2 Foodies, 3nights/4 days in NYC!
Looking for some advice from you native New Yorker foodies. We arrive Thursday afternoon and leave Sunday, late afternoon. We already have reservations and plan to "blow it out" at Picholine on Saturday night. Because of that, we want to keep our other dinners less expensive and more casual. We were thinking for a balance, one night in Chinatown and maybe the other trattoria/Italian. Would love to try Lupa since we went to Babbo last time (we're huge Batali fans!) but can't get a rez anywhere near dinnertime. Also for lunch my husband is craving the best NY-style pizza. Open to any suggestions. Thanks!!!!!
pizza my faves
joe's ( on carmine street for a slice, not a sit down place)
una pizza neopolitana
try the enoteca at del posto- you'll get a great batali meal, more casual than the dining room but same batali food
chinatown- i just lost my joint in chinatown to retirement closing. there are many many well-informed c-towners that will chime in!
some of my faves
degustation-the best damn non-traditional tapas you can eat
a voce-creative italian inspired great flaovors on every dish i've eaten
veritas-contemporay amercian wow! great, superb wine list
le bernadin-best seafood you may ever eat. service to die for, special....
list of italians i love
others i love with seriously good food
eleven madison pk (danny meyer)
telepan(upper west side)
strip house(steaks and great sides)
sushi of gari(not much of a room, but creative, fresh, transcendent sushi, other love sushi seki and sushi yasuda for sushi...
the are million others i can go on all day...
any specificquestion let me know
Thanks Jason, lots of good ideas. Also normally at home we would not go out for Easter Brunch (we usually find peak holiday dining to be too busy and sub-par food) but since our flight doesn't leave until 6pm we will have to eat somewhere! I was thinking maybe dim sum since this seems to be sort of a Sunday thing to do anyway? Any other suggestions? We definitely want something a little more casual since we want to be comfortable for travel.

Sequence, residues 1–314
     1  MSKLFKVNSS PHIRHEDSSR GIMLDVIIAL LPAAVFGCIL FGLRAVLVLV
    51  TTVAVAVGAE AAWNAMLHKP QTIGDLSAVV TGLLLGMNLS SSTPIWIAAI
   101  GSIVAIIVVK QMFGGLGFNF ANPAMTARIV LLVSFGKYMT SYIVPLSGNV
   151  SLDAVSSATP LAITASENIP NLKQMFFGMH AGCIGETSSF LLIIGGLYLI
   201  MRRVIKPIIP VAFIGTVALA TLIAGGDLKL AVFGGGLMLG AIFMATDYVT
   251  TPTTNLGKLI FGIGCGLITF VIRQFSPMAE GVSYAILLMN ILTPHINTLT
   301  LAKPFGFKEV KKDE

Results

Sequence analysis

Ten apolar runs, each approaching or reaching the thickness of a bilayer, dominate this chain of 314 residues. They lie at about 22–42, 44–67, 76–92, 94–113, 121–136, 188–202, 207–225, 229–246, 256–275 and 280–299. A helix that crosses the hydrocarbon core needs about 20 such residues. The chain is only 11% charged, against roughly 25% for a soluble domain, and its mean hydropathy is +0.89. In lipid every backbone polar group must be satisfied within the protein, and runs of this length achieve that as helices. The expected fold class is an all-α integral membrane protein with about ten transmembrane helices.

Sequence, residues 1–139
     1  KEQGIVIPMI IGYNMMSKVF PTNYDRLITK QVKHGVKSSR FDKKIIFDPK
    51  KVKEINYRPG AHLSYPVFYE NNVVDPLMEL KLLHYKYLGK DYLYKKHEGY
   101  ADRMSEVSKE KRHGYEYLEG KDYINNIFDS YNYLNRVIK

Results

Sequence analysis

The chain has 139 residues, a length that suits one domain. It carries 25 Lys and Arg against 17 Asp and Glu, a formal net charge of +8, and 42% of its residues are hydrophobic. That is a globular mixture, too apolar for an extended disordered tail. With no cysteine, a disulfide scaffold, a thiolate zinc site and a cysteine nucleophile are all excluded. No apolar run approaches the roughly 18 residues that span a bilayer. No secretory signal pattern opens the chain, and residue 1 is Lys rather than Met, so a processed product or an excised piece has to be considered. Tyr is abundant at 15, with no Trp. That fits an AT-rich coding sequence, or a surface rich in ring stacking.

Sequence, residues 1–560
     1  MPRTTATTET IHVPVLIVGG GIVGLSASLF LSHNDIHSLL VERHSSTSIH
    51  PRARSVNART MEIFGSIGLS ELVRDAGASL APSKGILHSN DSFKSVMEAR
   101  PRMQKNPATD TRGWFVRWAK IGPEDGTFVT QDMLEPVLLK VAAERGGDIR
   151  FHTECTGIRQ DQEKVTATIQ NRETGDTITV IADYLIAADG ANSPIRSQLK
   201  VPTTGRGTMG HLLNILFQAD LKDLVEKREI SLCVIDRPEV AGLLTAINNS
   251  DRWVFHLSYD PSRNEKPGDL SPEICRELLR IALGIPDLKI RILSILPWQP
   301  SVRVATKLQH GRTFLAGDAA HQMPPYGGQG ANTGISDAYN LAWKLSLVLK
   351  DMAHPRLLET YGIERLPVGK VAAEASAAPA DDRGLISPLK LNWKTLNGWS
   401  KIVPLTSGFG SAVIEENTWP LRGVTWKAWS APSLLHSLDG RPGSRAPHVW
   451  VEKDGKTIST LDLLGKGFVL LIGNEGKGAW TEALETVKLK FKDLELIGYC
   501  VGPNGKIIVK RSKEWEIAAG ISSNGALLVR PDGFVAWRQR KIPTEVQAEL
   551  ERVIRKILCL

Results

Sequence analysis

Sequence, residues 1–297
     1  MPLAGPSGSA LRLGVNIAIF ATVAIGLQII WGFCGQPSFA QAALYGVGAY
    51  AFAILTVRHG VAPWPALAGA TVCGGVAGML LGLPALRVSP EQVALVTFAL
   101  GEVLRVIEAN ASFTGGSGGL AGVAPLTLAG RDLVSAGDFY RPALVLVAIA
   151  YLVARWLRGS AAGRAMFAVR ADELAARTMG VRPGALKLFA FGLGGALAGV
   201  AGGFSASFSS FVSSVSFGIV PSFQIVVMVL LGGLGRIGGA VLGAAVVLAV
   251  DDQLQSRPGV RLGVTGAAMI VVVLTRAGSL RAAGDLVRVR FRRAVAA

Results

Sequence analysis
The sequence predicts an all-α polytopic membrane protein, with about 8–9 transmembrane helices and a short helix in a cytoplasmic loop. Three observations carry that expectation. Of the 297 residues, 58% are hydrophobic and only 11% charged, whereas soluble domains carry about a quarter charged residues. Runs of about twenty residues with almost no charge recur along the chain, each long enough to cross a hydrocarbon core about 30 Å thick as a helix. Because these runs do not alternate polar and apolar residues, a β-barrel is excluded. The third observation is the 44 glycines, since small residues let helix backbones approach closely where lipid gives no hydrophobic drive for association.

I just went to Enoteca Del Posto and had a horrible meal.. I was sitting there wondering how this place is still in business when, the table next to us ordered a 900 dollar bottle of wine with there 45 dollar tasting menu.. I then understood why.. Otto is a lot better then Enoteca Del Posto, Lupa is 10 times better.. I personally believe that when Joe B. and Mario team up, its bad news for the diner.. Del Posto is an Italian Version of Bistro Du Vent..
My suggestion about the pizza is to do two things. First, avoid anything that's a chain or the size of a chain (Ray-Bari, etc.). Second, don't obsess. The more you worry about getting "real NY pizza" the more disappointed you'll be when you take your first bite and say "well, it's very good... but I thought my mouth would explode." Hype kills everything. Find some local joints for a slice while you're walking between museums or sights or whatever you're doing. Sample them. Have a slice here and a slice there. And then some more at that place. You'll leave knowing that real NY pizza is an amalgam of all these pizza experiences coalescing into one great memory. Half of NY pizza is the attitude you have while eating it. Pizza is not a tourist food. Real NYers eat pizza. Tourists eat "NY pizza". And pretzels.
Also, re: Lupa. They hold about 1/3 or maybe more of the tables for walk-ins and will also put you on a list to eat at the bar if two stools open up. If you are committed to going, and it's just two of you, you won't wait longer than an hour in my experience. Especially if you show up early or late. Just sweet talk the blonde hostess and tell her you've been dying to try the place forever. She'll find you a table.
As for a foodie lunch, get a bahn mi or some dumplings in Chinatown. You won't be disappointed. Search the boards for the debate over best place to go.
If you have a hard time getting reservations at some of these other places, try Maremma in the West Village for Italian. I ate there twice and thought it was great. Nice people too. Moderate prices.
The basement bar at Peasant is great. The food is good and its not too expensive. A word of warning though, get there for opening time (7pm I think) otherwise you will be in for a long wait for a table.